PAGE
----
Dixon wasn’t particularly an athletically built Marine but he certainly wasn’t small or frail.  His demeanor was very calm, thoughtful, easy to talk to, and he paid particular attention to detail.  He could read a map and compass, which I assumed he probably taught himself as a Montana antelope hunter.  There is a lot of scouting, walking and planning to be a successful antelope or mule deer seeker, and Lynn knew some pretty desolate back country near Billings as if it was his own back yard.

I had occasion to work with (for) Corporal Dixon early in September, 1968 when Corporal Forbes, the squad leader, went on R&R for a week.  During this time is when I got to know Dixon much better.  When we weren’t out on a road sweep or a search and destroy mission, or doing a night ambush or a listening post assignment, we had a chance to talk about the states and what our hopes and dreams were for after the war.  We both had kind of the same things in mind:  Settle down with a nice lady, have a few kids, work, play, hunt, fish, and goof off whenever possible.  After the war, everything would be “gravy”.  Crappy times ahead could be easily neutralized just by remembering the hard times in Nam.  “It don’t mean a thing,” was an expression that we used to numb the horrible aspects of fighting in Vietnam, of which there were many.  And, we used the expression often to help ease the pain and frustration.

When Forbes returned from R&R Dixon went back to his fire team.  Lynn was, for sure, the next corporal in line to get his own squad but he would have to wait for an opening.  This would mean Corporal Forbes or some other squad leader would either have to rotate back to the United States, get a promotion to sergeant and move up the ladder in the platoon, or become a casualty of war.  The latter was the least desirable method of creating an opening, to say the least, but it happened more often than any of us wanted to think about.  After all, it wasn’t just Dixon and Forbes who looked forward to advancing in rank and importance; it was all of us, including me!  Yes, I was just a lowly PFC at the moment, but someday I would come up in the ranks to lance corporal, corporal, and beyond.  Well, if I lived long enough that is, or I didn’t get my butt opened up and sent home.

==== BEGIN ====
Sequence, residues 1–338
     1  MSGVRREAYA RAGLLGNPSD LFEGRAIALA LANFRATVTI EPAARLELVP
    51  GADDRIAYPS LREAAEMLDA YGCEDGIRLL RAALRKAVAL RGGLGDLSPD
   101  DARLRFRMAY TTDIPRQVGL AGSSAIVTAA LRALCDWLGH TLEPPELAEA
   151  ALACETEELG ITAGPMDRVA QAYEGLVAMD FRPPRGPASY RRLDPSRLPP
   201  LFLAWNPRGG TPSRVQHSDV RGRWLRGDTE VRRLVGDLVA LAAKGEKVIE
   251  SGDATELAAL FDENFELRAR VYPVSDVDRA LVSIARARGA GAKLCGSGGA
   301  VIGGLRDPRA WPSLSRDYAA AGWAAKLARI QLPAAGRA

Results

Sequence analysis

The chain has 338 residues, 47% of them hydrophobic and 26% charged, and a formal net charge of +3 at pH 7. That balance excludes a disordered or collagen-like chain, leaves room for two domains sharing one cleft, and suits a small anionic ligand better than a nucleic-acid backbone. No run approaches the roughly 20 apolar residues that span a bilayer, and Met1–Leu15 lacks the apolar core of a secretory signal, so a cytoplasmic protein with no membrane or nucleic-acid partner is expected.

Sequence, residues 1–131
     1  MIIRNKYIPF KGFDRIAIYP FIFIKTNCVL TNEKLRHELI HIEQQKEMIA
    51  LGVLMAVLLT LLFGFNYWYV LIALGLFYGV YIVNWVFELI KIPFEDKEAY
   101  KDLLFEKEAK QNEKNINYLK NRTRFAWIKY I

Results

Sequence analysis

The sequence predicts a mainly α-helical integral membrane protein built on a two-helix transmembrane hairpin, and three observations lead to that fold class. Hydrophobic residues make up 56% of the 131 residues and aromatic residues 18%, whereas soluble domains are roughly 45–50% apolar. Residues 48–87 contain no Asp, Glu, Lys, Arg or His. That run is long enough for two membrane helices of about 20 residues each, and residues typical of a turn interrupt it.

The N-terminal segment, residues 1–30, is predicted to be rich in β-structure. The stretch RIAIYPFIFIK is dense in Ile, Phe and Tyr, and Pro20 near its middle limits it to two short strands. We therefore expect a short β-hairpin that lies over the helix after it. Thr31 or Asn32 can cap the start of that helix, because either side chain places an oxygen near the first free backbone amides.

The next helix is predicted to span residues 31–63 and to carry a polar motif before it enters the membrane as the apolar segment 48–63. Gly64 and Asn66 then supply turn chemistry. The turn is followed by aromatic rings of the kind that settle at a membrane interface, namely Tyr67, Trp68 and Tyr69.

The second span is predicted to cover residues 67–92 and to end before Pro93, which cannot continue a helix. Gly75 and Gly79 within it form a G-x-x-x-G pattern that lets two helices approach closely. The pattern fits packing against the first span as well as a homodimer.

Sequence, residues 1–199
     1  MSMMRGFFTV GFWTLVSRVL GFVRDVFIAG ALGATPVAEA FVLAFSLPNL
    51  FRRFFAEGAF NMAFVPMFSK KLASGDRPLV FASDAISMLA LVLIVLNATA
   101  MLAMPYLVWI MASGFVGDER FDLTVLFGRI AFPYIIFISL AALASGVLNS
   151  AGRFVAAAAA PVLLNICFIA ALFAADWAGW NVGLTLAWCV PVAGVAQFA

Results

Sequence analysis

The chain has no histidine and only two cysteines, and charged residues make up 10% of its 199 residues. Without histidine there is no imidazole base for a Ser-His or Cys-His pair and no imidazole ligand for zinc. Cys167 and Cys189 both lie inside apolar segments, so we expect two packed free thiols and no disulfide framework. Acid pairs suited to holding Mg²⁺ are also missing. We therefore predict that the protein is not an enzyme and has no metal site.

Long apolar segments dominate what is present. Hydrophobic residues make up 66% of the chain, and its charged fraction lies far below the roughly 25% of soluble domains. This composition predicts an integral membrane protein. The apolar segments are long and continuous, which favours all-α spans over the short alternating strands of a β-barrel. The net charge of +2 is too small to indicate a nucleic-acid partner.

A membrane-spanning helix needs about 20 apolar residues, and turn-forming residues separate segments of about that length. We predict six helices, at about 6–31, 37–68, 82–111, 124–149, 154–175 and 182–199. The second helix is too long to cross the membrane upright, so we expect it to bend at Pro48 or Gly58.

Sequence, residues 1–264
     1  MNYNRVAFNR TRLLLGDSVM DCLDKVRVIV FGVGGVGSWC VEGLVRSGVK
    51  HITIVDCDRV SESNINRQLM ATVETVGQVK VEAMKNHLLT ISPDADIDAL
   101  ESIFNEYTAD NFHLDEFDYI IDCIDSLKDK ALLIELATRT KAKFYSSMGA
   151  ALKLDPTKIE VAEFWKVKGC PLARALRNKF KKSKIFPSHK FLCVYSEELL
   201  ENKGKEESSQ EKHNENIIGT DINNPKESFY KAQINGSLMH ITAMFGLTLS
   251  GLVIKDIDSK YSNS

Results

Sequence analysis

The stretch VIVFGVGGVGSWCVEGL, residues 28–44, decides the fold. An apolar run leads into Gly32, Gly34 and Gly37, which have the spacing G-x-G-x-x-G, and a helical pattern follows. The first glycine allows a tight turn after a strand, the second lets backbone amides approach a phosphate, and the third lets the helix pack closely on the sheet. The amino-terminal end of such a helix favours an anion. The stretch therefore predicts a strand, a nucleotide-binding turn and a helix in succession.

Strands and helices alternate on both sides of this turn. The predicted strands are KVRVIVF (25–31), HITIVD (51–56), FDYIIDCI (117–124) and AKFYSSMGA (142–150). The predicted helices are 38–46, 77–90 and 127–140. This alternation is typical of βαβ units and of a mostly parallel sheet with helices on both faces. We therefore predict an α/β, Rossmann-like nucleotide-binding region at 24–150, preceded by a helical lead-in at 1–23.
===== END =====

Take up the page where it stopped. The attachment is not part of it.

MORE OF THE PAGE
As the days and weeks slowly passed, something wonderful happened to my position as the squad radioman.  I was at a point where it didn’t matter to me if I was actually relieved of the cumbersome PRC-25 that I had lugged across every imaginable type of terrain in South Viet Nam, or not.  It was like a cow on my back now that I had performed this duty for about a month and a half.  I was getting pretty good at knowing the PRIC and its capabilities, and there was talk of making me a lance corporal, meritoriously no less, because of my proven skills as a radio operator.  But, the PRIC was big, bulky, heavy, and in the intense inferno and humidity of Vietnam I was susceptible to heat exhaustion; I remember more than once having to sit down on a paddy dike and pour water over my head and down my front to avoid passing out.  I was also still a teenager, replete with a grand case of acne that spread to my underarms.  The extra digging caused by the straps of the PRC-25 was instrumental in keeping the lesions under my arms open and ‘runny’ pretty much all the time.  I longed for the days when I could simply be just another “grunt” who carried his own gear most of the time, except for perhaps an extra mortar round for the weapons team or a belt of M-60 machine gun rounds for the machine gunner.